Mrs. Betty Scott, a Government witness, testified that Marks did bring Joyce Meeks to their apartment on two occasions, and that she told her about personal hygiene because she had just had a baby, but not about prostitution. Mrs. Scott denied that she was a prostitute.
James Scott, also testifying for the Government, said he was an automobile salesman and bartender, and had known Marks for four or five years; that Marks brought Joyce to their apartment in January, and said "how do you like my new girl?" He denied that he made any contact with a bellboy for Joyce to work as a prostitute. Scott denied that Marks requested him to make contacts for Joyce in Chicago to engage in prostitution. The court permitted the Government to cross-examine Scott regarding certain statements he made to a Special Agent of the Federal Bureau of Investigation. The Special Agent was permitted to testify to statements made to him contrary to Scott's testimony.
The defendant first contends that there was a fatal variance between the charge in the information and the proof. The defendant maintains that the Government attempted to prove that Marks transported Joyce for the purpose of prostitution. The information did charge transportation for the purpose of debauchery. Debauchery as used in the Mann Act is a broad term and includes all sexual immoralities, whether for hire or not for hire, or for cohabitation. Cleveland v. United States, 1946, 329 U.S. 14, 17, 67 S.Ct. 13, 91 L.Ed. 12. Also see Athanasaw v. United States, 1913, 227 U.S. 326, 33 S.Ct. 285, 57 L.Ed. 528. Prostitution "`Of women [means]: The offering of the body to indiscriminate lewdness for hire. * * *'" Cleveland v. United States, supra [329 U.S. 14, 67 S.Ct. 15]. The statute is aimed at prevention of transportation of a female in interstate commerce for purpose of commercial and non-commercial vice. Malaga v. United States, 1 Cir., 1932, 57 F.2d 822.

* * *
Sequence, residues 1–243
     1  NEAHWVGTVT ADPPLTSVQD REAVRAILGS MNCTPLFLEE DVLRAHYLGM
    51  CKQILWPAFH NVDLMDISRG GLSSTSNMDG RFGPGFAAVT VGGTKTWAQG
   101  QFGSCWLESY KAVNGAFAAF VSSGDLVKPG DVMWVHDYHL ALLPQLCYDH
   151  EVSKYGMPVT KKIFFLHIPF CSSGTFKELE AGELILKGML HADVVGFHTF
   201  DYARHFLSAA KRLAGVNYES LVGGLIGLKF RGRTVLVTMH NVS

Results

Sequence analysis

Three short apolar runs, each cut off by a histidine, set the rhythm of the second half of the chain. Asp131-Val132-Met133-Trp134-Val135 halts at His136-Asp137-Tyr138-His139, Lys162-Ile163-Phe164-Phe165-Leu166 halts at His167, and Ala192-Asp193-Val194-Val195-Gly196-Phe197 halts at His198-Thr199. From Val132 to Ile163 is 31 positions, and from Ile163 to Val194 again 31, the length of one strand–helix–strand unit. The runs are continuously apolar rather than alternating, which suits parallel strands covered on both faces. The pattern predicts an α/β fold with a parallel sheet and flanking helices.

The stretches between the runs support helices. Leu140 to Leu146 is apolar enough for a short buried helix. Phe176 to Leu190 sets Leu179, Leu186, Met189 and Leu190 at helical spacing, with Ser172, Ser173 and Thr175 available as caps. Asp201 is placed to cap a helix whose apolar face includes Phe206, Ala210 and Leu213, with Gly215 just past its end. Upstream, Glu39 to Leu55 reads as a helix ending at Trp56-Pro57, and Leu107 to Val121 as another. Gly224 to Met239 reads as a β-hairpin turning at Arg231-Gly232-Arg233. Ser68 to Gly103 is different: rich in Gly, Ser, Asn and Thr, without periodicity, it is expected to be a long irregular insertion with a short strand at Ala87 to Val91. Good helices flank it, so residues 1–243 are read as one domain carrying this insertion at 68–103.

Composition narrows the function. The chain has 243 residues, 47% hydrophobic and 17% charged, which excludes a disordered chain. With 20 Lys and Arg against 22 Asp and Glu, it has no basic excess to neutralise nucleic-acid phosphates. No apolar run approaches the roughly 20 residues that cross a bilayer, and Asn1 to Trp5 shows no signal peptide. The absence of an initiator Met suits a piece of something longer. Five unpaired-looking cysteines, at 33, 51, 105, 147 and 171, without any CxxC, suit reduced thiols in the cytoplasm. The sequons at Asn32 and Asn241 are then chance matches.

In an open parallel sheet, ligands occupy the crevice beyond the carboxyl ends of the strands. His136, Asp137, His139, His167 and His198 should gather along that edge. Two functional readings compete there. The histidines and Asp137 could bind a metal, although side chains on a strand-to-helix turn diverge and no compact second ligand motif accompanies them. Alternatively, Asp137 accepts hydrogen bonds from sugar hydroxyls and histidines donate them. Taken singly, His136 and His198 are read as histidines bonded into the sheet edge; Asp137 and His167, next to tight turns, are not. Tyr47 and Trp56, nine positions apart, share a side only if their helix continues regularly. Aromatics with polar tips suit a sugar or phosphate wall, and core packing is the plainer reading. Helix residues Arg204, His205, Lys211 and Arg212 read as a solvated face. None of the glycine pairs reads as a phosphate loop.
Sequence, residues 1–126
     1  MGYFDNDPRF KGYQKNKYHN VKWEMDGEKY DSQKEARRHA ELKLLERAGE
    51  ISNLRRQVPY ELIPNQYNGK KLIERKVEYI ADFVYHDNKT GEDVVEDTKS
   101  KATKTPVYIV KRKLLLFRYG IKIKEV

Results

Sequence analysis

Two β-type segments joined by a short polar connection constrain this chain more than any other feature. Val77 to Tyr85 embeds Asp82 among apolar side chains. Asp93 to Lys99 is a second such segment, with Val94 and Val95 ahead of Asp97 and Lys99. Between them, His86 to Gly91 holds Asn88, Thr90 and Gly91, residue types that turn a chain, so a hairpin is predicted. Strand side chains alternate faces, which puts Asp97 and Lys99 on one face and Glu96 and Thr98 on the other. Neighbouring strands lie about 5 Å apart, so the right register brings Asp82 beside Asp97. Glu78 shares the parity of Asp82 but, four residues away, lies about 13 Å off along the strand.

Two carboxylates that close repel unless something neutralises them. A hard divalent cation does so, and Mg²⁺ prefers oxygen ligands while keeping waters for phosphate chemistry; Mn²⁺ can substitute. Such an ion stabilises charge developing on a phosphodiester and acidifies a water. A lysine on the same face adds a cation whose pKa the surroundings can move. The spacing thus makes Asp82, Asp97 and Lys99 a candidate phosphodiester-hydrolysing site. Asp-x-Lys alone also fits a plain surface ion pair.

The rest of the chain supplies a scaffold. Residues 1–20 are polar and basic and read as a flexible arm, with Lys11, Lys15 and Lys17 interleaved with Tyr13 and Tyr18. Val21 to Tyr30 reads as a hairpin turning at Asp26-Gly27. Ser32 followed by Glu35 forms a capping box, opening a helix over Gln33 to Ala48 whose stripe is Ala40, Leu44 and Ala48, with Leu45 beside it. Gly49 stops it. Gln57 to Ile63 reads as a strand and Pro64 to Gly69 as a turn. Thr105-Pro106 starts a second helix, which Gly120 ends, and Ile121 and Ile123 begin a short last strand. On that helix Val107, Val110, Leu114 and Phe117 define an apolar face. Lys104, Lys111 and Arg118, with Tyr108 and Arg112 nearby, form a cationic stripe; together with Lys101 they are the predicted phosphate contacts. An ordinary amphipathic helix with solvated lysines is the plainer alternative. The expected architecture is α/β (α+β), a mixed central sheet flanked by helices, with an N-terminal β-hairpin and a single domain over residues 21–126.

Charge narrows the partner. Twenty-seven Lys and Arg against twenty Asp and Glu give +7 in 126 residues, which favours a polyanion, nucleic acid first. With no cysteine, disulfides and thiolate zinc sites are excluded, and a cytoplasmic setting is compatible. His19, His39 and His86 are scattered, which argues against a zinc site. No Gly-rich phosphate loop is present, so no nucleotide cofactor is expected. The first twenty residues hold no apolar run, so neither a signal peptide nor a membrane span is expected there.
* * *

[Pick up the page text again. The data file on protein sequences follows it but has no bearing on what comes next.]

The evidence portrays that the defendant pursued a course of conduct intending to lead Joyce Meeks into a life of debauchery, that is, sexual immorality. He took her into his home, where he admittedly had intercourse with her, and where resided two women of questionable character. He then suggested that they were going to Chicago to place her in a house of prostitution. From these acts it is reasonable to infer that he intended to entice her to give herself up to debauchery at the time of the transportation from Indiana to Illinois. The acts before and after the transportation were competent as bearing on the element of intent. Ammerman v. United States, 8 Cir., 1917, 262 F. 124; Jarabo v. United States, 1 Cir., 1946, 158 F.2d 509.
The defendant in his argument overlooks the gravamen of the offense charged. The crime is complete the moment the female has been transported across the state line with the intent to entice her into debauchery. Proof that he accomplished his illicit purpose is not necessary to conviction. Batsell v. United States, 8 Cir., 1954, 217 F.2d 257; Cleveland v. United States, 1946, 329 U.S. 14, 67 S.Ct. 13, 91 L.Ed. 12.